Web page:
Session 7: Dynamic Games, Contracts, and Markets

Date
Wed, Aug 18 2021, 9:00am - Fri, Aug 20 2021, 11:45am PDT
Location
Zoom
Organized by
  • Simon Board, University of California, Los Angeles
  • Gonzalo Cisternas, Massachusetts Institute of Technology
  • Mira Frick, Yale University
  • George Georgiadis, Northwestern University
  • Andrzej Skrzypacz, Stanford GSB
  • Takuo Sugaya, Stanford GSB

The idea of this session is to bring together microeconomic theorists working on dynamic games and contracts with more applied theorists working in macro, finance, organizational economics, and other fields. First, this is a venue to discuss the latest questions and techniques facing researchers working in dynamic games and contracts. Second, we wish to foster interdisciplinary discussion between scholars working on parallel topics in different disciplines, in particular, helping raise awareness among theorists of the open questions in other fields.

This is a continuation of successful SITE annual sessions 2013-2020. In previous years, we attracted people from economics, finance, operations research, political economy, and other related fields, ranging from Ph.D. students to senior professors. We hope to have a similar number of attendees this year as in the past. Specific topics likely to be covered include repeated and stochastic games, dynamic optimal contracts, dynamic market pricing, reputation, search, and learning and experimentation.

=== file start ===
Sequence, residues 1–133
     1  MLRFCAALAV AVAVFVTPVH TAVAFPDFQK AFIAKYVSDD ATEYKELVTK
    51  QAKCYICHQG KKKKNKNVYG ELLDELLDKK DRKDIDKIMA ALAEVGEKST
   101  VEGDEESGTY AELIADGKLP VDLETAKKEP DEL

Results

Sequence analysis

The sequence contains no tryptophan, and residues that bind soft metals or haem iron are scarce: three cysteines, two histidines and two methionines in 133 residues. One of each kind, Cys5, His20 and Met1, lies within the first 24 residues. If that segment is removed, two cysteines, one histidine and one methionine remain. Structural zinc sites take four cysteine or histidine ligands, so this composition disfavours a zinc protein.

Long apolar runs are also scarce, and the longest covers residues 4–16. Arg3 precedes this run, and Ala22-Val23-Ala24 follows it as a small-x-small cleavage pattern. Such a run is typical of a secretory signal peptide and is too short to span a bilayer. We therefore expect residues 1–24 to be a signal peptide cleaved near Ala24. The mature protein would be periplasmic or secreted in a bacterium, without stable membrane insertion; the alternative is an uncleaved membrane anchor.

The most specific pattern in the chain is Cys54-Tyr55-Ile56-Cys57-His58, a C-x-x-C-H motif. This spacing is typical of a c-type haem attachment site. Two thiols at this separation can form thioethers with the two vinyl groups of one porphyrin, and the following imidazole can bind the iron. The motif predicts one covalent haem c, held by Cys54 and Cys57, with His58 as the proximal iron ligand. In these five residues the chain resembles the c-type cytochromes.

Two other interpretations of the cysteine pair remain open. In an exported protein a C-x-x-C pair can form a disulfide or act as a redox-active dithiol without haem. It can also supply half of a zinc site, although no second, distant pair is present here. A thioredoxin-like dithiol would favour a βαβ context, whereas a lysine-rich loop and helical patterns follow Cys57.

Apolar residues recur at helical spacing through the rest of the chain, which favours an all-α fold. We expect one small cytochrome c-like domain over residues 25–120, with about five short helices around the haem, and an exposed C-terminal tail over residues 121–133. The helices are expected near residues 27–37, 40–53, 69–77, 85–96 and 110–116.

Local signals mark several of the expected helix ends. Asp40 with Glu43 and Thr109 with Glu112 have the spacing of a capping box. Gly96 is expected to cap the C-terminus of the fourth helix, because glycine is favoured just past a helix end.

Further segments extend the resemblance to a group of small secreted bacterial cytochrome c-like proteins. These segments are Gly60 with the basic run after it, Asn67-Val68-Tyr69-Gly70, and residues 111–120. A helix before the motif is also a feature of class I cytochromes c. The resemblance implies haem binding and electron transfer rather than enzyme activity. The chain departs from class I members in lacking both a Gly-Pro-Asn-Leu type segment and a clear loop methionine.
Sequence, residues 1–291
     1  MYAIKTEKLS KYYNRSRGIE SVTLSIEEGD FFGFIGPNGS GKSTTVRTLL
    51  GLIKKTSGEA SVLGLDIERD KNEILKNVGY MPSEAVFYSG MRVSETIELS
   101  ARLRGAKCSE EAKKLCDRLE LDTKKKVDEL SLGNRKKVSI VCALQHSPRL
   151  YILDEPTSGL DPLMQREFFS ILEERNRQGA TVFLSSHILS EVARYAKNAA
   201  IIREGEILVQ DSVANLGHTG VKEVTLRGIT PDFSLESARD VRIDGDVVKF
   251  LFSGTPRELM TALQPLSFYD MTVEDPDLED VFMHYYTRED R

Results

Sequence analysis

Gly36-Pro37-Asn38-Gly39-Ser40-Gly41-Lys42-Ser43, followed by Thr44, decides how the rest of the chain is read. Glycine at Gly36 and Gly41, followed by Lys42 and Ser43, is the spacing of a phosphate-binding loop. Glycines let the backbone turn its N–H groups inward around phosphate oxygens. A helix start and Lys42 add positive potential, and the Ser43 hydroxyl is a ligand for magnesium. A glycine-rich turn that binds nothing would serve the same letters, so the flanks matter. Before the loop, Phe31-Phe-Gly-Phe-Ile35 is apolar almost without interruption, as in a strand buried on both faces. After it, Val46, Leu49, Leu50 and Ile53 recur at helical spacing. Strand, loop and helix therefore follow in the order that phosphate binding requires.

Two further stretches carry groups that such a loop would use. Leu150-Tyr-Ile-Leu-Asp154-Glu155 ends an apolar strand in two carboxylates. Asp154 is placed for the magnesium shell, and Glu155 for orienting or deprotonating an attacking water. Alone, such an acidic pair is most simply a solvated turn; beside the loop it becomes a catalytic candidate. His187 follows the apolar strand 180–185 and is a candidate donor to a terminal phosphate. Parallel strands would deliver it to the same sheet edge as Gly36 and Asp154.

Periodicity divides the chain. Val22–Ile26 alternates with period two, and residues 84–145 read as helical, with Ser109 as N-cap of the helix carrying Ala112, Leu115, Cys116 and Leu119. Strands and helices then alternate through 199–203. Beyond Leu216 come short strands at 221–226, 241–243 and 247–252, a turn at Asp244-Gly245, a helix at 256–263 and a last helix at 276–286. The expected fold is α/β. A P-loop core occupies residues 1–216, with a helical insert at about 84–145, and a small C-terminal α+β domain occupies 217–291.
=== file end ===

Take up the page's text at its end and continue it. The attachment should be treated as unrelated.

In This Session

Wednesday, August 18, 2021

Aug 18
9:00 am - 9:45 am PDT

Wealth Dynamics in Communities

Presented by: Daniel Barron (Northwestern University)
Co-author(s): Yingni Guo (Northwestern University) and Bryony Reich (Northwestern University)

This paper develops a model to explore how favor exchange influences wealth dynamics. We identify a key obstacle to wealth accumulation: wealth crowds out favor exchange. Therefore, households must choose between growing their wealth and accessing favor exchange. We show that low-wealth households rely on favor exchange at the cost of having tightly limited long-term wealth. As a result, initial wealth disparities persist and can even grow worse. We then explore how communities and policymakers can overcome this obstacle. Using simulations, we show that community benefits and place-based policies can stimulate both saving and favor exchange, and in some cases, can even transform favor exchange into a force that accelerates wealth accumulation.

Aug 18
9:45 am - 10:00 am PDT

Break

Aug 18
10:00 am - 10:45 am PDT

Optimal Dynamic Allocation: Simplicity through Information Design

Presented by: Afshin Nikzad (University of Southern California)
Co-author(s): Itai Ashlagi (Stanford University) and Faidra Monachou (Stanford University)